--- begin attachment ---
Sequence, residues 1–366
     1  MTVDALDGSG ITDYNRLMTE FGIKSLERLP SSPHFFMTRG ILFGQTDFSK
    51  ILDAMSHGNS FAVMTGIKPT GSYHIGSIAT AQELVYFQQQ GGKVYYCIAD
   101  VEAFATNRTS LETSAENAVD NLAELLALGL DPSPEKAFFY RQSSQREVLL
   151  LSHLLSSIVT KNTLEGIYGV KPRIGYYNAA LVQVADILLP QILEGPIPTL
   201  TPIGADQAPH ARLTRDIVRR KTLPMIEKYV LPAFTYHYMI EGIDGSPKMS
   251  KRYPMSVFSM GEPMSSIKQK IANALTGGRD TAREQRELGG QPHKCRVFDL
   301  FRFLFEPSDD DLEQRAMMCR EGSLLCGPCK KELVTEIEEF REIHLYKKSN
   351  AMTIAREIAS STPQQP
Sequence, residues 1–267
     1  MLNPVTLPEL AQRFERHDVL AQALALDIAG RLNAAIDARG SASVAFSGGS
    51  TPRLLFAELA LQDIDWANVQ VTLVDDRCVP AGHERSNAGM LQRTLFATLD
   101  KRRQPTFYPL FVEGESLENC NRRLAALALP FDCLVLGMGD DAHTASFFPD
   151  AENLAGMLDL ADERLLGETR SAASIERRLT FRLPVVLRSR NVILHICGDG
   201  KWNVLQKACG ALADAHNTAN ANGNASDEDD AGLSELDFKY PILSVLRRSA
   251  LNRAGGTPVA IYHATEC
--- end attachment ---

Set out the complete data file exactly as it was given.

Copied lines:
Sequence, residues 1–366
     1  MTVDALDGSG ITDYNRLMTE FGIKSLERLP SSPHFFMTRG ILFGQTDFSK
    51  ILDAMSHGNS FAVMTGIKPT GSYHIGSIAT AQELVYFQQQ GGKVYYCIAD
   101  VEAFATNRTS LETSAENAVD NLAELLALGL DPSPEKAFFY RQSSQREVLL
   151  LSHLLSSIVT KNTLEGIYGV KPRIGYYNAA LVQVADILLP QILEGPIPTL
   201  TPIGADQAPH ARLTRDIVRR KTLPMIEKYV LPAFTYHYMI EGIDGSPKMS
   251  KRYPMSVFSM GEPMSSIKQK IANALTGGRD TAREQRELGG QPHKCRVFDL
   301  FRFLFEPSDD DLEQRAMMCR EGSLLCGPCK KELVTEIEEF REIHLYKKSN
   351  AMTIAREIAS STPQQP
Sequence, residues 1–267
     1  MLNPVTLPEL AQRFERHDVL AQALALDIAG RLNAAIDARG SASVAFSGGS
    51  TPRLLFAELA LQDIDWANVQ VTLVDDRCVP AGHERSNAGM LQRTLFATLD
   101  KRRQPTFYPL FVEGESLENC NRRLAALALP FDCLVLGMGD DAHTASFFPD
   151  AENLAGMLDL ADERLLGETR SAASIERRLT FRLPVVLRSR NVILHICGDG
   201  KWNVLQKACG ALADAHNTAN ANGNASDEDD AGLSELDFKY PILSVLRRSA
   251  LNRAGGTPVA IYHATEC